Friday, December 08, 2017

Lullaby to a Jitterbug (Avon Calling!, #10) by Hayley Camille

At the end of the previous episode, we were left dangling on one heck of a cliffhanger. Donny and his mugs had the drop on Betty and were holding a gun to poor George’s head. Their daughter, Nancy, was racing little Georgie to the nearest hospital after he’d accidentally inhaled heroin. (He’d thought he was smelling sugar.) When Georgie had reacted to the drug she picked him up and ran for it, discovering hidden strengths and abilities she didn’t know she possessed: she was stronger and faster than any girl is supposed to be.

Betty, too, reaches deep within herself to take her battle with Donny and his goons to another level and defeats them with the sudden arrival and assistance of Detective Jacob Lawrence. Jacob tells Betty that he’d gone to her home before coming to her aid at St. Augustine’s Home for Unwanted Boys, and that her front door was open, the kitchen a mess, and the children nowhere to be found. He produces the jeweled jar that held the heroin. Betty reaches out with her mind and eventually connects with Nancy. She sees her thoughts and discovers what has happened. Betty comes clean with George at the hospital as they wait for Georgie to recover, and they spend the following weeks coming to terms with his new knowledge and understanding about Betty and Nancy.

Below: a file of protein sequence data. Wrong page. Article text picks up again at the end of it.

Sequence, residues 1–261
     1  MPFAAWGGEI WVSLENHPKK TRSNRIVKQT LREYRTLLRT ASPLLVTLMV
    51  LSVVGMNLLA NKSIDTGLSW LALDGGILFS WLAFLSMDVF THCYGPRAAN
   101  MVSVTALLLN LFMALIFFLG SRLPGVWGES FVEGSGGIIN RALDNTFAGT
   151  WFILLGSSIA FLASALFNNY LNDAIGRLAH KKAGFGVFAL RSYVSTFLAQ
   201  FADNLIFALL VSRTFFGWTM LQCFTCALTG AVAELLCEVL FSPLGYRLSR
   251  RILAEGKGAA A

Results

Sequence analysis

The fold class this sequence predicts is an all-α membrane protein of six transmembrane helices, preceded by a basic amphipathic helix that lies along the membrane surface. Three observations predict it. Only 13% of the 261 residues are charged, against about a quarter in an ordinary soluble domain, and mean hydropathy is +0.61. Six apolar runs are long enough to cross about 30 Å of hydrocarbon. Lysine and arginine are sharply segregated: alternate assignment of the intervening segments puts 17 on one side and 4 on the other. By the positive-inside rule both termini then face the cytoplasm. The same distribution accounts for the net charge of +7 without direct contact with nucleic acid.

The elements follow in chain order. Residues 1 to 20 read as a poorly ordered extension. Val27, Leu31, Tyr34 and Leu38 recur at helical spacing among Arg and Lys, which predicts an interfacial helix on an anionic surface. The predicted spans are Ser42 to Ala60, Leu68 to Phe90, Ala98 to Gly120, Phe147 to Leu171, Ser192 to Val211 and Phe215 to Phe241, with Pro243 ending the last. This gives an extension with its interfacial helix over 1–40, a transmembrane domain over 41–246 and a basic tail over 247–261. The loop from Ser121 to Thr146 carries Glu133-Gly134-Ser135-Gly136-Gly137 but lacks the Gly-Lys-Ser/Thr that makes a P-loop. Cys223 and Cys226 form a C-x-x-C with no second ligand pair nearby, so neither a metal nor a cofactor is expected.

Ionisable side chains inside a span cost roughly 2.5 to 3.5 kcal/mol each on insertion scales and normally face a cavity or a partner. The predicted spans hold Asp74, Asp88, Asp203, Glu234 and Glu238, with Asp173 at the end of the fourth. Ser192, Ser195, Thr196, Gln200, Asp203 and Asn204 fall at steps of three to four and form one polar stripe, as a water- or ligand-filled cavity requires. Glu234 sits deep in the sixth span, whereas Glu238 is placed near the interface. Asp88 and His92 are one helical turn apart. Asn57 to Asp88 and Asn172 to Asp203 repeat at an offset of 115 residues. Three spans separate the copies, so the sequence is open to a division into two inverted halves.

Jacob though has uncovered a secret file at City Hall on Betty that shows the government is watching her and her associates (including himself, perhaps) and is trying to determine her possible agenda and usefulness in regards to the war effort.

With the exposure of Donny Pinzola and his affiliates, the focus of the story is swinging back to the war. Actual tidbits of history are woven into the narrative – war rationing, the draft. Also, the characters are becoming so well developed that one feels like they know exactly who they are dealing with and what they might be capable of. In this 10th entry in the ongoing Avon Calling! series, we get even more background information on Betty (Susie) and her life before George. I recommend this series, in order, it is episodic in nature, to those that like action and adventure set during the war, and look forward to the next installment.

I voluntarily reviewed an Advance Reader copy of this book.

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